UN General Assembly adopts resolution on the Law of Transboundary Aquifers. 2008.
The 63rd session of the UN General Assembly adopted Resolution A/RES/63/124 on the Law of Transboundary Aquifers by consensus on Thursday, December 11 and expressed its appreciation to UNESCO-IHP for its contribution to UN International Law Commission (UNILC) in the preparation of the Articles on the Law.
All 19 articles of the Law of Transboundary Aquifers, prepared by UNESCO’s International Hydrological Programme (IHP) and the UN International Law Commission, have been endorsed by the UN General Assembly in New York at its 63rd session, 11 December.
The resolution encourages the States concerned ‘to make appropriate bilateral or regional arrangements for the proper management of their transboundary aquifers, taking into account the provisions of these draft articles’, which are annexed to the resolution. These provisions include cooperation among States to prevent, reduce and control pollution of shared aquifers. In view of the importance of these ‘invisible resources’, States are invited to consider these draft articles as a basis for the elaboration of a convention.
To respond to the request of support formulated by the UNILC Special Reporter Ambassador Chusei Yamada, UNESCO IHP set up an international experts group to provide to UNILC technical and scientific support to. Since 2003 UNILC and UNESCO IHP have closely worked together with the UNILC for the preparation of the first set of articles on the law of transboundary aquifers. Lawyers and hydro geologists have worked together to create a common language in the formulation of new sets of laws on water resources. This has resulted in a concrete example of efficient cooperation between to bodies of the UN System.
The Law of Transboundary Aquifers is a concrete step forward towards the peaceful sharing of groundwater resources. Until today there was no instrument of international law that could provide a complete set of recommendations and guidelines for the sustainable and peaceful management of transboundary aquifers. The UNESCO-IHP inventory of transboundary aquifers and the World Map of Transboundary Aquifers served as background for the preparation of the first set of articles. UNESCO-IHP has already inventoried 273 transboundary aquifers, some of those shared by more than 2 countries.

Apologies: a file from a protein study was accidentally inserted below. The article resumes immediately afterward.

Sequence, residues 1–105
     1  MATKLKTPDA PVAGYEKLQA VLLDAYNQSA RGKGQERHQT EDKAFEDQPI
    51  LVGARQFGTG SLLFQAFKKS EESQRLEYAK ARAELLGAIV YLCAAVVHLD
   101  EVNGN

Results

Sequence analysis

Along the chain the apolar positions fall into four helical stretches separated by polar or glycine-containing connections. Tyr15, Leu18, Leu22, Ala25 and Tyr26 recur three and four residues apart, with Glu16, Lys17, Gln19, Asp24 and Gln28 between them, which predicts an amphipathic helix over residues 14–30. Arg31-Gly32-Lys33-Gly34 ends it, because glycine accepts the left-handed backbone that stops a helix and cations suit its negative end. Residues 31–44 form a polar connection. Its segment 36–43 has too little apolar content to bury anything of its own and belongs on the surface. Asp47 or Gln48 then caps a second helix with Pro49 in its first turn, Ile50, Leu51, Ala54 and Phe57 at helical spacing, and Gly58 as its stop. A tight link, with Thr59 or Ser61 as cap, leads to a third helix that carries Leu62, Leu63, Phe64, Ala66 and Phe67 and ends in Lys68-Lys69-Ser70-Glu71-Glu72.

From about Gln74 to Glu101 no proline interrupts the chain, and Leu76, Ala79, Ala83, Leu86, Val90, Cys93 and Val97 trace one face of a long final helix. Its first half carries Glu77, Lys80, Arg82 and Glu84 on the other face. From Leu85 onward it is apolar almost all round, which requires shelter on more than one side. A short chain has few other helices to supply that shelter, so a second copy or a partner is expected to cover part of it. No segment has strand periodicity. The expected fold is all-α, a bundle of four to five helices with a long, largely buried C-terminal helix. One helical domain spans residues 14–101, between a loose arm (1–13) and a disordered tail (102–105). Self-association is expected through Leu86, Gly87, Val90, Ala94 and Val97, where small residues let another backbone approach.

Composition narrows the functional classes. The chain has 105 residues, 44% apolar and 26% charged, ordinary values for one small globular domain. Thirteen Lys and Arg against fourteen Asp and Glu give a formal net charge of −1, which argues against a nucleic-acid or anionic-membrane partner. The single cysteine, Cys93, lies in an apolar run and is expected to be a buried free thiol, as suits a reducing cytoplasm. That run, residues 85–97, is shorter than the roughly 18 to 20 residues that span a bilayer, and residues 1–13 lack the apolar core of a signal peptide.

Aquifers contain almost 96% of the planet’s freshwater. Globally, 65% of groundwater is devoted to irrigation, 25% to the supply of drinking water and 10% to industry. Aquifers account for more than 70% of the water used in the European Union and are often one of the only sources – if not the only one – in arid and semi-arid zones: 100% in Saudi Arabia and Malta, 95% in Tunisia and 75% in Morocco. Irrigation systems in many countries depend heavily on groundwater resources: 90% in the Libyan Arab Jamahiriya, 89% in India, 84% in South Africa and 80% in Spain.
The IHP’s Internationally Shared Aquifer Resources Management (ISARM) project has been compiling an inventory and evaluating the world’s transboundary aquifer systems. The project is also itemizing the legal systems of each country as they relate to aquifer management. ISARM has so far inventoried 273 transboundary aquifers: 68 on the American continent, 38 in Africa, 65 in Eastern Europe, 90 in Western Europe, and 12 in Asia where the inventory is still in progress.
Some of the biggest transboundary aquifers in the world are located in South America and North Africa, such as the Guarani and Nubian Sandstone aquifers. Those in Africa remain largely unexploited. Since aquifers generally extend across several State boundaries, exploiting these presupposes agreements for managing them jointly, in order to prevent pollution or over-exploitation by particular States. Mechanisms of this kind have begun to emerge. For example, in the 1990s, Chad, Egypt, the Libyan Arab Jamahiriya and Sudan established a joint authority to manage the Nubian Sandstone aquifer system in a concerted manner.
The UNESCO-IHP World Map of Transboundary Aquifers served as background for this preparation of the first set of international legal articles. The map was published in October by UNESCO’s Worldwide Hydrological Mapping and Assessment Programme (WHYMAP), which has been establishing a groundwater database since 2000. The map also assesses the characteristics of the main aquifer systems and their rate of replenishment.